Chapter 10 : Glory
Sir Thomas Howard was appointed as admiral in his brother’s place, and preparations for full-scale war with France proceeded. Surrey, despite his age (70) and any misgivings he might have had about the change in the overall English policy, was, nevertheless, a warrior at heart. Like every man of his generation (of whom there were few left) his childhood had been spent in an England reeling from its losses across the Channel, after the glory days of Henry V. There can be little doubt that to be engaged in the reconquest of France was Surrey’s and every other warrior’s dream.
But Surrey was not to be involved. Henry VIII, intelligent, and well-versed in the theory, if not the practice, of war, as well as soundly advised by Fox and his protégé, Thomas Wolsey, knew that the rear had to be protected: James IV was Louis XII’s ally, and, despite the treaty of Perpetual Peace, there was a strong possibility that a Scottish invasion would be attempted.
Surrey received orders to prepare to guard the northern border. Frustrated though he was, he could do nothing but obey, but he blamed James IV for his disappointment saying ‘Sorry may I see [James] ere I die, that is the cause of my abiding behind. If ever he and I meet, I shall do all that in me lyeth to make him as sorry if I can.’
In August 1513, he headed north to prepare border defences – no doubt thinking that the most likely outcome was a few skirmishes, some broken bones and a couple of herds of cattle changing hands. But James had other ideas. Having eventually been persuaded by Louis XII to involve himself in the conflict, he called out his full host, and prepared for a large-scale invasion. Surrey did not have sufficient troops and sent messengers far and wide to raise more. Back in London, Queen Katharine, acting as Regent in Henry’s absence, gave orders for more troops to be gathered, and set out with them towards the north.
On 22nd August, James crossed the Tweed, probably with some 30,000 men, about half as many again as Surrey had collected. James IV set up his camp on a ridge above Branxton Moor. His position was more-or-less unassailable, so Surrey, using his knowledge of James’ chivalrous inclinations, wrote to him, offering to give battle in open field, where the two sides would be evenly matched. James may have been chivalrous, but he was not a fool, and he refused. Surrey’s son, Sir Thomas, reconnoitred the surrounding area, and came up with a plan to approach James from the north, giving the impression that the route back to Scotland was blocked. Sir Thomas’ contingent approached across the marsh, and got into such difficulties that James gave the order that destroyed him – the Scots left the ridge, and descended to fight on the open ground. The battle was bloody, and could have gone either way, but the death of James in hand-to-hand combat decided the matter.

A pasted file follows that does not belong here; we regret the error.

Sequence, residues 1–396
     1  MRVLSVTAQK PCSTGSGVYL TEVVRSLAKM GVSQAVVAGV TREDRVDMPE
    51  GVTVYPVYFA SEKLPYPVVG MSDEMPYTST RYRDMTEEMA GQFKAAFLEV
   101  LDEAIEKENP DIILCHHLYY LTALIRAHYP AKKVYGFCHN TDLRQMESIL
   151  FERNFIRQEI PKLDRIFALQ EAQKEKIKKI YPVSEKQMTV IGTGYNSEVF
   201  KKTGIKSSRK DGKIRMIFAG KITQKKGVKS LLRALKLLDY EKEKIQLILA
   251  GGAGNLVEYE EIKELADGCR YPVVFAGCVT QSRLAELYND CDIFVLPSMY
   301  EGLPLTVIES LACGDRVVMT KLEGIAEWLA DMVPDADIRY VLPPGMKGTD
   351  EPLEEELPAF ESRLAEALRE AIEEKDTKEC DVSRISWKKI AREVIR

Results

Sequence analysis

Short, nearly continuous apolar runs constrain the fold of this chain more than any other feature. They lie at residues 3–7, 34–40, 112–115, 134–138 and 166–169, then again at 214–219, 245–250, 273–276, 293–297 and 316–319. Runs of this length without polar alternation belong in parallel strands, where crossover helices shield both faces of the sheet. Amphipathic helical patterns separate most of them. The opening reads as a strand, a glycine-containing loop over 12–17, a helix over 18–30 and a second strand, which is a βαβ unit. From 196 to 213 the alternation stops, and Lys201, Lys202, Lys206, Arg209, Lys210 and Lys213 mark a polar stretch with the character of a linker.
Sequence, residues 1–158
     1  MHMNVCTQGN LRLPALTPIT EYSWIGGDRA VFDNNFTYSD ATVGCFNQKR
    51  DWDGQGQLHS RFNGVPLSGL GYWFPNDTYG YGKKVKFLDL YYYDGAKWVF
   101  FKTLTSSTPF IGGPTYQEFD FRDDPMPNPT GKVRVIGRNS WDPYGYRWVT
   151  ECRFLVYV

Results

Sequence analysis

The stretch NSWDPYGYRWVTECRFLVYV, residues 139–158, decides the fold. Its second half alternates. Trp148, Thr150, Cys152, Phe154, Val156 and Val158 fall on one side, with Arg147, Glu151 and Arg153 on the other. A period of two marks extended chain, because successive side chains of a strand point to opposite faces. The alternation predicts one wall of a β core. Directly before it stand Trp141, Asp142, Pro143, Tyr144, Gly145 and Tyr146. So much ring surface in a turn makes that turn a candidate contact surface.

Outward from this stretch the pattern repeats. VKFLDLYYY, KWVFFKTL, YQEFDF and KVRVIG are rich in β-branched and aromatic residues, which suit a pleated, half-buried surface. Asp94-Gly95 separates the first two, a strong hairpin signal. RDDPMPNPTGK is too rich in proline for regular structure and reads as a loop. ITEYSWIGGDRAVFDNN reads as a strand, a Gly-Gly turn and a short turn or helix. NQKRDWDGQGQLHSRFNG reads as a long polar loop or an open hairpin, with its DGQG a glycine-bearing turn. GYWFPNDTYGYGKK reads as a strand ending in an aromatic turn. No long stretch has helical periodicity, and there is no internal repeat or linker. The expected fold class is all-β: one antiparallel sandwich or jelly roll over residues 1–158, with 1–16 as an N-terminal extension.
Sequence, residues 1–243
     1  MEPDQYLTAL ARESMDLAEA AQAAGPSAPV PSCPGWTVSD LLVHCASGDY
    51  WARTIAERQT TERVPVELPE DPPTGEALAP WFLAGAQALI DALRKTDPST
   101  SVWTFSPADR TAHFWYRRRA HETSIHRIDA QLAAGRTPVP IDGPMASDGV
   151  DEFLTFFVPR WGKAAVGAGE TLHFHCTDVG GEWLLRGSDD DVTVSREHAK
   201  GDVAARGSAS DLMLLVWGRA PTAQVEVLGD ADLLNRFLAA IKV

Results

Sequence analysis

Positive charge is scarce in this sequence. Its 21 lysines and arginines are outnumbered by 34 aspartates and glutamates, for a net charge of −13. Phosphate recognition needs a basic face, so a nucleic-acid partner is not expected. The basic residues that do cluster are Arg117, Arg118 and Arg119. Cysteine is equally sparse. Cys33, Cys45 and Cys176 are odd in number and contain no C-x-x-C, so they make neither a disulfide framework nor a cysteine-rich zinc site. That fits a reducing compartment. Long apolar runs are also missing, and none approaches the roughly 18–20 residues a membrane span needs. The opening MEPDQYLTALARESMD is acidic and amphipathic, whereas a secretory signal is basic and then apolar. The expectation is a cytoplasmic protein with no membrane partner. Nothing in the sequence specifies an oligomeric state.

Surrey and his sons had scored a remarkable victory – Scotland never really recovered from the loss of its king and the flower of its nobility at Flodden, and the next sixty years of turmoil in the northern kingdom can be, at least in part, ascribed to the battle.
The English, of course, were beside themselves with glee, and Surrey most of all. Far from being overshadowed by glorious deeds in France, he had achieved a spectacular victory. After burying the dead, he sent King James’ body, and also his bloodied surcoat, south to Queen Katharine, and wrote an account of the battle to Henry, who had been celebrating far less impressive victories at Tournai and Thérouanne. He also knighted his younger son, Edmund.
Henry VIII was still in the dawn of his reign, but Surrey, Queen Katharine, and his other advisers knew enough of the king’s temperament to play down Flodden, relative to the king’s own successes. Henry was in no great hurry to congratulate Surrey – he had been back in England several weeks before he wrote his thanks. Nevertheless, he was not ungrateful, and, carefully coaxed by Surrey’s friend, Sir Thomas Ruthall, agreed that the dukedom of Norfolk might be restored.
On 2nd February, 1514, Surrey was advanced to the dukedom – the crowning moment of his life, even if he had to share his day of triumph – the king’s friend, Charles Brandon, became Duke of Suffolk, whilst Lord Herbert became Earl of Somerset. In addition, Norfolk, as he is now referred to, was permitted to tweak his heraldic achievement, with the addition of a Scottish demi-lion transfixed with an arrow in its throat.